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When You Discover Your Teen Has Been Drinking

Aug 04, 2015

Many parents would like to assume that their child would never drink alcohol or even consider underage drinking. However, while most parents would say their kids are not drinking, most teens you ask would say that they are drinking. This incongruity shows that parents need to be prepared for anything, even if they do not expect their teen to engage in risky behavior such as underage drinking.

One expert, Julie Foudy, says that the first step in handling a child who has been drinking is to make it clear you are on their side. As parents, we try to make decisions with our child’s best interest in mind. What we envision as the best path for our children might not be what they have in mind for themselves. By engaging in a dialogue with your teen, you can start to reconcile these potentially different paths.

When you find your teen drinking for the first time, it is important to remain composed and avoid going off on your teen. Have a conversation. Make sure your child understands the consequences of underage drinking in both the short and the long term.

Another expert, Michael R. Fields, notes that it is important to consider from where your teen is getting the alcohol—your home? Friends? If your child has access to alcohol in your home and is abusing the access, it could be time to re-evaluate what you want to keep in your home. If your teen is drinking with friends, that could mean you need to monitor with whom your child is spending his or her time.

Teen Drinking

In dealing with first offenses, be decisive. Know what to do now that the rules of the house have been violated. There must be consequences for your teen, says parenting expert, Ralph S. Blackman. Make sure your child knows that the rules should stand in other circumstances as well (like no drinking at home means no drinking at a friends home).

Consequences can include being grounded. However, consequences only work when you stick to whatever you decide because if you don’t, you undermine your authority.

Ultimately, teens are not good at contextualizing their actions so you have to find a way to make this activity seem unattractive to them in the present. If you find that you are having trouble getting through to your teen, it could be time to get a professional involved.

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Ralph S. Blackman
President and CEO of FAAR

About Ralph S. Blackman

Mr. Ralph S. Blackman is currently the President and CEO of the Foundation for Advancing Alcohol Responsibility. The Foundation for Advancing Alcohol Responsibility, founded in 1991, has received nearly $250 million dollars from the distilled spirits industry to fight drunk driving and underage drinking. Mr. Blackman began his tenure at the Foundation for Advancing Alcohol Responsibility in 1996 as Vice President for Public Affairs. Currently, Mr. Blackman is responsible for strategic planning, operations, and management of 15 staff members.

In 1992, Mr. Blackman was appointed by President George Bush as the Assistant Administrator for Private Enterprise within the U.S. Agency for International Development. Mr. Blackman oversaw a staff of 100 professionals, a program budget of nearly $40 million, and a $220 million portfolio of U.S. government loans designed to stimulate growth in developing countries around the world. Mr. Blackman represented the agency on the President's Trade Promotion Coordinating Committee and at meetings of the Overseas Private Investment Corporation.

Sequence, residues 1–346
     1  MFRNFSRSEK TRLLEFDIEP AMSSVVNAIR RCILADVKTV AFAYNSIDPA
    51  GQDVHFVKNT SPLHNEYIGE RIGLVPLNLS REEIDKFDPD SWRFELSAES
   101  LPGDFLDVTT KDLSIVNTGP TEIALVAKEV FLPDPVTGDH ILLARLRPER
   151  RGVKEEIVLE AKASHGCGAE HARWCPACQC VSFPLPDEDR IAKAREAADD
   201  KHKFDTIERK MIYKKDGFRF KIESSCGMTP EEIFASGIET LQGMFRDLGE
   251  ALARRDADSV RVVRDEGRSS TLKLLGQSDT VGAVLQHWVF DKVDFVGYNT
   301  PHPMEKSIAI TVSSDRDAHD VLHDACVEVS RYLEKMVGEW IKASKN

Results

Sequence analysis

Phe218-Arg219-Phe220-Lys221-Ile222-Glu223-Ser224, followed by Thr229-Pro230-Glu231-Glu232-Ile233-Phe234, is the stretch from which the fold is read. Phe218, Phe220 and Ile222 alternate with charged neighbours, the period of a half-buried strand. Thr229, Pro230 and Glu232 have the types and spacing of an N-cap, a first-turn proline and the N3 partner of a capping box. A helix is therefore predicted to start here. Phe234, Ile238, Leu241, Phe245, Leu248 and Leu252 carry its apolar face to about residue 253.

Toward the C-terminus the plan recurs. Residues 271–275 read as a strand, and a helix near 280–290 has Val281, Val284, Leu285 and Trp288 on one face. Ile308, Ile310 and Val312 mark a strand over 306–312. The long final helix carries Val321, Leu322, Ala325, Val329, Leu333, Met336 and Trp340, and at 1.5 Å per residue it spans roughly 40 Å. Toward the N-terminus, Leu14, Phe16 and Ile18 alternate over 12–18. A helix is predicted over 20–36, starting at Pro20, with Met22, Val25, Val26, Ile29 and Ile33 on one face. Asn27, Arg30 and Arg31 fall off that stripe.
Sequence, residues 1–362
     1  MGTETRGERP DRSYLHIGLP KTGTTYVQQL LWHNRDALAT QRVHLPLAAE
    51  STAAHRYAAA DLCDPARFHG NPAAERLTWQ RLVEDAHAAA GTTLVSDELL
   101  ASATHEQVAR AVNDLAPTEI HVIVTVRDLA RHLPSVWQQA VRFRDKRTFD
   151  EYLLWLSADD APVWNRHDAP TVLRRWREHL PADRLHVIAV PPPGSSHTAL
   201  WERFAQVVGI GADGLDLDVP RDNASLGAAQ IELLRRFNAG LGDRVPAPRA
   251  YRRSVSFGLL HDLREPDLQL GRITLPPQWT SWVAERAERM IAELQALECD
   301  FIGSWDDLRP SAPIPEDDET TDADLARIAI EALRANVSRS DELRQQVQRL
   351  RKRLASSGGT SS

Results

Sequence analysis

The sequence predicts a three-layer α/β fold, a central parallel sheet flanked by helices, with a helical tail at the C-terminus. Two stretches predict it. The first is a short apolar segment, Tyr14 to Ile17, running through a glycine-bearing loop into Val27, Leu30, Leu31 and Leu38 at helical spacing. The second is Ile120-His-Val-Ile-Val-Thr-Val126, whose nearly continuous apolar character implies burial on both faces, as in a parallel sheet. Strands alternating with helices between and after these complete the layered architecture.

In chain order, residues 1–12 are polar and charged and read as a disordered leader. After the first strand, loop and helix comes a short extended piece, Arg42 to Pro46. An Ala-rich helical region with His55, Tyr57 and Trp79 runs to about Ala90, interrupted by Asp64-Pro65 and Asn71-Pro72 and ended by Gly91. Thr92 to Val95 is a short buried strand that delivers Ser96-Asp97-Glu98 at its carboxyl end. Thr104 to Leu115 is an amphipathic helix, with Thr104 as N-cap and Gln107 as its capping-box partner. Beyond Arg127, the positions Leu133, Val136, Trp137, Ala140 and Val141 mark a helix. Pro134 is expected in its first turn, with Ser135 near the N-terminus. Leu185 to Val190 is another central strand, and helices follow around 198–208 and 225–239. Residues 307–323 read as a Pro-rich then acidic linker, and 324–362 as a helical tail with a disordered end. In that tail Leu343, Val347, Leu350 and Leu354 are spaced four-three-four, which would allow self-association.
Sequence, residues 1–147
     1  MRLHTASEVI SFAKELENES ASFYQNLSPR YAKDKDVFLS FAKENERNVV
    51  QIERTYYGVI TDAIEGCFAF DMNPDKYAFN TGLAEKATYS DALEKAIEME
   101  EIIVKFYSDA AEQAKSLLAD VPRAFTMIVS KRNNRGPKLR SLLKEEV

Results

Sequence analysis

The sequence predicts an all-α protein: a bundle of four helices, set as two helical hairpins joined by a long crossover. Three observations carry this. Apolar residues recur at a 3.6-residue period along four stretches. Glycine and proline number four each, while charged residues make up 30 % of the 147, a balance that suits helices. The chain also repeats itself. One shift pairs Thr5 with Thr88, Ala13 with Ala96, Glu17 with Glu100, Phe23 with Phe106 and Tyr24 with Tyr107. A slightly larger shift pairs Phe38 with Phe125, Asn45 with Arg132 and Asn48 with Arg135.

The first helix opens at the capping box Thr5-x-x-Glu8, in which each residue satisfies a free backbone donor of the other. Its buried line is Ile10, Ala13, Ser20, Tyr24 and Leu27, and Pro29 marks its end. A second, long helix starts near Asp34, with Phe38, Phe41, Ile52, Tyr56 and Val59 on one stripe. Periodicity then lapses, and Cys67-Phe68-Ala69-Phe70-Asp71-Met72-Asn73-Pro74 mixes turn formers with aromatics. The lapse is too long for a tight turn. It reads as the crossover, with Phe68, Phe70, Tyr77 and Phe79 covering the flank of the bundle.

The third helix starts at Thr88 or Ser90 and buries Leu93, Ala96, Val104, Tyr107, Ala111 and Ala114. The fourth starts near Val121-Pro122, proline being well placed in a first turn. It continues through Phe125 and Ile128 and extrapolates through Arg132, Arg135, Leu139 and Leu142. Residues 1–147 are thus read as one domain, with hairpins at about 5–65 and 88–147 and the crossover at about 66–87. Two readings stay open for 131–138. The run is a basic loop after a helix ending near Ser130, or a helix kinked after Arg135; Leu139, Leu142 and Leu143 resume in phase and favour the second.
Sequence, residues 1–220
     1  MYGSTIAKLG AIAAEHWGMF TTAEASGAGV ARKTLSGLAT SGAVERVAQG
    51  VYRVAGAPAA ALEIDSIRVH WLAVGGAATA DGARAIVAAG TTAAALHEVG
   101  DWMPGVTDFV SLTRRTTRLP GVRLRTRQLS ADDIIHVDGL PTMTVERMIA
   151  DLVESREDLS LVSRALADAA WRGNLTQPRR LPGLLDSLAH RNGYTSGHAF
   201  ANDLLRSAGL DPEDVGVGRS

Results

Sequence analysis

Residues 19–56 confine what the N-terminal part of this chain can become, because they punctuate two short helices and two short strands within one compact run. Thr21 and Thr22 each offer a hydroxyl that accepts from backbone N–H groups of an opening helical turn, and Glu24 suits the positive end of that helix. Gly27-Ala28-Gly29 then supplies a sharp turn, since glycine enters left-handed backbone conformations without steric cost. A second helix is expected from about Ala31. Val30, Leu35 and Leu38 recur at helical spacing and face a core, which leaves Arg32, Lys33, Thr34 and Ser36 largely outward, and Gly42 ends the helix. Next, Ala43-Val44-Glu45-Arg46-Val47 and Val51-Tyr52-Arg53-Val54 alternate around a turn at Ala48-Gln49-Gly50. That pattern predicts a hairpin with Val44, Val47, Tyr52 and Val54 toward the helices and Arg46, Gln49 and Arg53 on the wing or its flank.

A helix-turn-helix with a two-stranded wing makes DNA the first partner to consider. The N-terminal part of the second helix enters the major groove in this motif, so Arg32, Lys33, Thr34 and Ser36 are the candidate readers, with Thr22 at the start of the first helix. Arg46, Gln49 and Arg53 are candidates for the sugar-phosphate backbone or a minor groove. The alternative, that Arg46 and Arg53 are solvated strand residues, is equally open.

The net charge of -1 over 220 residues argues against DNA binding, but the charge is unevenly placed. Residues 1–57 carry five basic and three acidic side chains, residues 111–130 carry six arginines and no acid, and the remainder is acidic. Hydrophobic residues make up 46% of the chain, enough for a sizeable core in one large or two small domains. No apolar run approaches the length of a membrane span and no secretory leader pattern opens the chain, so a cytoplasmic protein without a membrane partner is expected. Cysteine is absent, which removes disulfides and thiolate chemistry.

Prior to joining the Bush Administration, Mr. Blackman founded Public Access Inc., a corporate relations firm headquartered in Washington, DC. As President of the firm, Mr. Blackman and his staff provided public affairs and international trade-related assistance to clients interested in business ventures abroad. Blackman and the firm were responsible for facilitating the creation of the first nationwide chain of franchised computer outlets in Hungary.

In 1986, Mr. Blackman was appointed by President Ronald Reagan as the Associate Director of the White House Conference on Small Business. In addition to organizing conferences held in all 50 states and the District of Columbia, Mr. Blackman was responsible for liaison with congressional leaders and federal agencies, and supervised the preparation of the Final Report to the President.

In 1981, Mr. Blackman joined the Republican National Committee where he held the positions of Local Elections Field Representative, Regional Political Director and Director of Business Programs.

From 1976 to 1980, Mr. Blackman served the Governor of Illinois as a Legislative Assistant and the Speaker of the Illinois House of Representatives with the responsibility for economic and business development issues.

Mr. Blackman is an alumnus of Leadership Washington. He also sat on the Faberge Arts Foundation Advisory Board, was a member of the Dept. of Commerce's Industry Sector Advisory Committee for Small Business and Trade Policy, and served on the "Competing in the Global Marketplace" council of the National Policy Forum. Mr. Blackman was recognized by the University of Illinois Alumni Association with the 2014 Alumni Achievement Award.

An Illinois native, Mr. Blackman graduated in 1975 with a Bachelor of Arts degree in political science from Western Illinois University. In 1976, he completed his Master of Arts degree in public administration from the University of Illinois-Springfield. Mr. Blackman recently received his Mixologist Diploma from the Professional Bartending School in Arlington, VA.